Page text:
anat kam 311.
(photo credit: Channel 2)
Perhaps the highest calling of a free press is to serve as society’s watchdog through conscientious muckraking. In that spirit, Haaretz chose to publish articles based on classified documents that raised questions about the IDF’s targeted-killings policy against Islamic Jihad terrorists.
Anat Kamm stole those documents, and many, many more, during her army service from 2005 to 2007 in the office of the commander of the Central Command. The very fact that these documents had been stolen, and the indiscriminate nature of her theft, might have given the newspaper pause, but it acted properly within the framework of military censorship by getting approval from the censor before publishing specific articles based on particular documents.
It argued that this material fell firmly within the definition of public interest. And it gave the IDF advance notice of the articles, to enable the IDF to respond.
From this point onward, however, Haaretz
’s behavior deviates
from acceptable journalistic practice. Most troubling is the paper’s
willingness to back reporter Uri Blau, presently in self-imposed exile
in Britain, if, as is alleged by the state, he is holding on to what
may be some 2,000 sensitive documents, 700 of which are judged by the
Shin Bet (Israel Security Agency) to be of a confidential or highly
Security sources say the
documents contain top-secret information concerning General Staff
orders, personnel numbers in the Central Command, intelligence
information, information on IDF doctrine and data on sensitive military
exercises, weaponry and military platforms. The files also allegedly
contain details on what the Central Command does in the event of a
major escalation – how it deploys forces to the West Bank and where it
stations them there.
Far less comprehensible
than Kamm’s alleged ideologically motivated decision to steal so many
documents is Blau’s refusal to hand them back. He’s had the documents
since at least October 2008, when he began publishing reports based on
Damage control is possible only after
the Shin Bet verifies precisely which classified documents were taken
by Kamm and who received them. The public interest in such damage
control, given the sensitivity of the material, should be obvious to
Blau and to Haaretz. This is a matter of life-and-death national
According to Shin Bet chief Yuval
Diskin, Blau reneged on an agreement to hand over the documents – under
which he would nonetheless still have had the opportunity to write
articles based on them – running off first to China, and then to
Britain. His refusal to return the papers, and to return himself,
implies he has something to hide.
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that Blau’s refusal to hand over the documents lies in his desire to
protect Kamm, furthermore, is no match for the wider national security
interest, but it is also contradicted by the fact that Haaretz
potentially incriminating photocopies of documents taken by Kamm before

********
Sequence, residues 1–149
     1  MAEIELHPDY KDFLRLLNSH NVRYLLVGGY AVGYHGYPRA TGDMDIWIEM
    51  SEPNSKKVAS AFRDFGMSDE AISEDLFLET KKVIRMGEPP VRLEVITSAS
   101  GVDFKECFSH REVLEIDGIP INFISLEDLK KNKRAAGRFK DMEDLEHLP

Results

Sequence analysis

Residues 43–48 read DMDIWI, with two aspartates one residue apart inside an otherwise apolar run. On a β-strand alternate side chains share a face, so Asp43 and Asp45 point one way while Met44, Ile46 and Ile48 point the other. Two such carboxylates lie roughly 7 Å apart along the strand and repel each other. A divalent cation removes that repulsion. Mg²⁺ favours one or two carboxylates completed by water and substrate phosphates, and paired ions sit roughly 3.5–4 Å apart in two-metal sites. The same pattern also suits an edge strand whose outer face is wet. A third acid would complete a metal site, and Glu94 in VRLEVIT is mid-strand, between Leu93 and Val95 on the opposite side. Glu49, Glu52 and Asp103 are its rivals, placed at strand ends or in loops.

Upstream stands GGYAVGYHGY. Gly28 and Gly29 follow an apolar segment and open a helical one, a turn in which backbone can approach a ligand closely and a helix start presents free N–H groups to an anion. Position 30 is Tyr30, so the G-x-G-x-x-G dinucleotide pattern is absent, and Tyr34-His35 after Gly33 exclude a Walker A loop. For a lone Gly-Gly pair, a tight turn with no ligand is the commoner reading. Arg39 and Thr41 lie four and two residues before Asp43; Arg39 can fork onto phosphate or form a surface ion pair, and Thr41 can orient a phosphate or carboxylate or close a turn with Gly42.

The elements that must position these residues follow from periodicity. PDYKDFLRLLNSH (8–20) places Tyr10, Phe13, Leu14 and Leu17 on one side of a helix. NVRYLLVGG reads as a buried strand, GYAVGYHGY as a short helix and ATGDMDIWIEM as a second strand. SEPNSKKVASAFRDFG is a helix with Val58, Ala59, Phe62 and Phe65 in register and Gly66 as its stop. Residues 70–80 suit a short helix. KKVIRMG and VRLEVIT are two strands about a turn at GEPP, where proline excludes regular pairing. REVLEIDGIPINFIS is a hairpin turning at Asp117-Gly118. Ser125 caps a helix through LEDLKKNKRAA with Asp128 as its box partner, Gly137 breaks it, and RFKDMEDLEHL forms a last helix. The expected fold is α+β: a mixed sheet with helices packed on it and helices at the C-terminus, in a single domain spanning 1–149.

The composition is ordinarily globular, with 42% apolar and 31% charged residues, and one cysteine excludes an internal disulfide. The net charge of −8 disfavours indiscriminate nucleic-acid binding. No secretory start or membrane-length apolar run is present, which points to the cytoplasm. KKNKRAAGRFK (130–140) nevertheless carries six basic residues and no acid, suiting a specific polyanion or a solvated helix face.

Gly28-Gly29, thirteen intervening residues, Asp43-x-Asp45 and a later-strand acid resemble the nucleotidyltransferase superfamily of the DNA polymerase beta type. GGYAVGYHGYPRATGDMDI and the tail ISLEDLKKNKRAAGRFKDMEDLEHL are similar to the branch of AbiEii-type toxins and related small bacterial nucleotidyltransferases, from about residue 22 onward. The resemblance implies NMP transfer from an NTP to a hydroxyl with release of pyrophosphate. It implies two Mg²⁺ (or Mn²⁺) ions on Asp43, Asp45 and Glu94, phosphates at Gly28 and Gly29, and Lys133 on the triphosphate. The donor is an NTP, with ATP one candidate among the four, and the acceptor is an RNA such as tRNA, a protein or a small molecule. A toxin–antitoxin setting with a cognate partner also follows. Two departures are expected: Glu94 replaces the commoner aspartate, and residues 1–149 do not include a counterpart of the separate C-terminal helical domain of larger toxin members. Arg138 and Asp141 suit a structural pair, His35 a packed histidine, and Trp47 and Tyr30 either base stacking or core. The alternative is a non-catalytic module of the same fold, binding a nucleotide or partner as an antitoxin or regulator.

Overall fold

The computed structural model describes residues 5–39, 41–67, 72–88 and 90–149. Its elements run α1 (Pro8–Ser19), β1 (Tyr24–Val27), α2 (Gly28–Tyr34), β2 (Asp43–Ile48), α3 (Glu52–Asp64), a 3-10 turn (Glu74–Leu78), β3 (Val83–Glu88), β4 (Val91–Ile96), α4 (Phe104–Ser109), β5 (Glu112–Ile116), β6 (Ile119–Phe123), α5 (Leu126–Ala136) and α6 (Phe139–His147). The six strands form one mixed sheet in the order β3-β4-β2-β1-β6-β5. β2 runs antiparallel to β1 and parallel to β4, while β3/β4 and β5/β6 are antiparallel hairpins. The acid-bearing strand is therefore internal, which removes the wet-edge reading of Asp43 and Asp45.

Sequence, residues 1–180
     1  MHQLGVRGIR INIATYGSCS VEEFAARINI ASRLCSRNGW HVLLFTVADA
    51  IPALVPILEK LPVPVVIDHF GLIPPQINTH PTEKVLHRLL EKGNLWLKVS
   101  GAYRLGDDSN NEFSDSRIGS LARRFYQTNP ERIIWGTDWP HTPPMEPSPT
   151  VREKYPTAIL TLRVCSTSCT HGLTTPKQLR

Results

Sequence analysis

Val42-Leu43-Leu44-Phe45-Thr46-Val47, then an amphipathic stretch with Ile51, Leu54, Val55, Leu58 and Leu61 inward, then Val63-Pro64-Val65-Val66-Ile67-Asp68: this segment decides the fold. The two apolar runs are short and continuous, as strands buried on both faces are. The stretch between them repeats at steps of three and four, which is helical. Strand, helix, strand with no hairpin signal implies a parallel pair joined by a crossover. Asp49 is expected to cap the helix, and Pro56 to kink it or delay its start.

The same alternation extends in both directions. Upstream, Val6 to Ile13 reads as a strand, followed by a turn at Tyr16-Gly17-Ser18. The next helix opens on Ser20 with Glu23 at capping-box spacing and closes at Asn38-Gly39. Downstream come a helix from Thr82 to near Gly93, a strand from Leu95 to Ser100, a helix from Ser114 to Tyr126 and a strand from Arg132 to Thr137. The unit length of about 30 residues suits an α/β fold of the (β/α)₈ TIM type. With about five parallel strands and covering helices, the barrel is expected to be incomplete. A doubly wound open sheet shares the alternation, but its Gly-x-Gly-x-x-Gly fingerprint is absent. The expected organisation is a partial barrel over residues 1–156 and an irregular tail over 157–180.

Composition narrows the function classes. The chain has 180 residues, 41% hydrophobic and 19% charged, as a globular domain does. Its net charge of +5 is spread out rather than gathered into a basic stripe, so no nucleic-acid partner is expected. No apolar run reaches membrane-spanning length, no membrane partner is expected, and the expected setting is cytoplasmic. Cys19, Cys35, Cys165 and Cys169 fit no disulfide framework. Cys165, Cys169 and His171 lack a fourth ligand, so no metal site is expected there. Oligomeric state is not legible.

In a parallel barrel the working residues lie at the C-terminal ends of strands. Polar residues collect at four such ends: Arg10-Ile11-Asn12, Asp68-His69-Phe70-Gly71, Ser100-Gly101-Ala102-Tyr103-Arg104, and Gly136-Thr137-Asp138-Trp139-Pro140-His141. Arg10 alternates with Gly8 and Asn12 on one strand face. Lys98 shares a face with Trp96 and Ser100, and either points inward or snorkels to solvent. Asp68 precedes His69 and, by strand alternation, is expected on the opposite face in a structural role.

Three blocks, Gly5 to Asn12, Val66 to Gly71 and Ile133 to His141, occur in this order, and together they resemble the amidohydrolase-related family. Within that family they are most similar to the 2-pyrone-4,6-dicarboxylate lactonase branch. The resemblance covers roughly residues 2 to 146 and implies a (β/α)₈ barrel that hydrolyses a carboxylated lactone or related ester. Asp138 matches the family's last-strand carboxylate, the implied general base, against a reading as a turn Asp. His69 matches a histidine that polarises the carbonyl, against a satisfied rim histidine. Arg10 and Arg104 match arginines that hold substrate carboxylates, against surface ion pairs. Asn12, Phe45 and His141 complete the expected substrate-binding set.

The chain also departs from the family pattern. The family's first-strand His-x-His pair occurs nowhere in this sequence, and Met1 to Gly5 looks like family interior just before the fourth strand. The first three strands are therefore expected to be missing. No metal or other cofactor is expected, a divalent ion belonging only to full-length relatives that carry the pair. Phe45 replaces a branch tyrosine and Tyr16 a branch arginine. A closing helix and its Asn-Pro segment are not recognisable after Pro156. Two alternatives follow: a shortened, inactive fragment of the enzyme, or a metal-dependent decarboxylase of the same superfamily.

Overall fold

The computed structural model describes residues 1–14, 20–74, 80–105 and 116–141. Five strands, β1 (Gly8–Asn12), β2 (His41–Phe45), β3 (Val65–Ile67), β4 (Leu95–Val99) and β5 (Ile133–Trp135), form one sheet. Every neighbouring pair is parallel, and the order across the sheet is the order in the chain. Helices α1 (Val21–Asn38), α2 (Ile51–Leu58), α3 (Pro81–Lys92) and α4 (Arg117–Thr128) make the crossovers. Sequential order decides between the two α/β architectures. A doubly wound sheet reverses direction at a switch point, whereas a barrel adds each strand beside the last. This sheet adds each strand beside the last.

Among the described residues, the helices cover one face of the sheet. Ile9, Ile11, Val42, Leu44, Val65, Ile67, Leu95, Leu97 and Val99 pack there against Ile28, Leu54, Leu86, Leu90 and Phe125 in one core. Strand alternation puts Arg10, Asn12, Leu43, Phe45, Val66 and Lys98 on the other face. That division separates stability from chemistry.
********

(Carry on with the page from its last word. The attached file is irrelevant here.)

she was arrested in December 2009.
drama touches on fundamental ethical dilemmas that face the State of
Israel as it strives to maintain freedom of press while fighting
adversaries that couldn’t care less about such an ideal. The success of
Zionism is emphatically about nurturing the Middle East’s only true
democracy and ensuring freedom of expression as well as about providing
for the physical protection of the Jewish people.
These two goals are not contradictory, they are mutually
dependent: The knowledge that Israel fights its wars in accordance with
ethical directives provides Israel’s citizens with the conviction of
the justness of its cause. A free, inquisitive press helps ensure that
the IDF maintains those ethical standards. If the targeted-killings
policy, or any other IDF policy for that matter, is out of line with
the rulings of the Israeli judiciary, this requires our
Regrettably, however, the
unwillingness of Blau and his newspaper to meet the Shin Bet’s demand
to return stolen documents whose content would aid our enemies and
render our people more vulnerable raises grave questions about the
the radical agenda of some of its writers, who
focus obsessively in its pages on Israel’s purported brutality while
ignoring Palestinian terror, violence and incitement? Or is the paper
truly interested in strengthening Israeli democracy via constructive
criticism? The way to clear up the doubt would be to return the stolen
documents to the Shin Bet as quickly as possible.
As the Jewish people gathers to commemorate the memory of the six
million, this is an opportune time to recall the events that led to the
creation of the State of Israel. The Jews returned to their land not
out of a desire to wage war with the Palestinian people, but out of a
realization that they could rely on no one but themselves to survive.
Six decades and countless battles later, Haaretz
would do well to
remind itself what is at stake if the security of the Jewish state is
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